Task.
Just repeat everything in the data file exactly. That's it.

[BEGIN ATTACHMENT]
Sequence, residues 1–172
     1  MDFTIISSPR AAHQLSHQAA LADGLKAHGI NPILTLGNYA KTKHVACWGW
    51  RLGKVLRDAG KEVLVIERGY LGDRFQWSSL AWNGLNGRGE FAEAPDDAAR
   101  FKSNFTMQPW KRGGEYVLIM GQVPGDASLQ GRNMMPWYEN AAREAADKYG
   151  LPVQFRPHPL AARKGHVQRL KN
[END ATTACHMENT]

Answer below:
Sequence, residues 1–172
     1  MDFTIISSPR AAHQLSHQAA LADGLKAHGI NPILTLGNYA KTKHVACWGW
    51  RLGKVLRDAG KEVLVIERGY LGDRFQWSSL AWNGLNGRGE FAEAPDDAAR
   101  FKSNFTMQPW KRGGEYVLIM GQVPGDASLQ GRNMMPWYEN AAREAADKYG
   151  LPVQFRPHPL AARKGHVQRL KN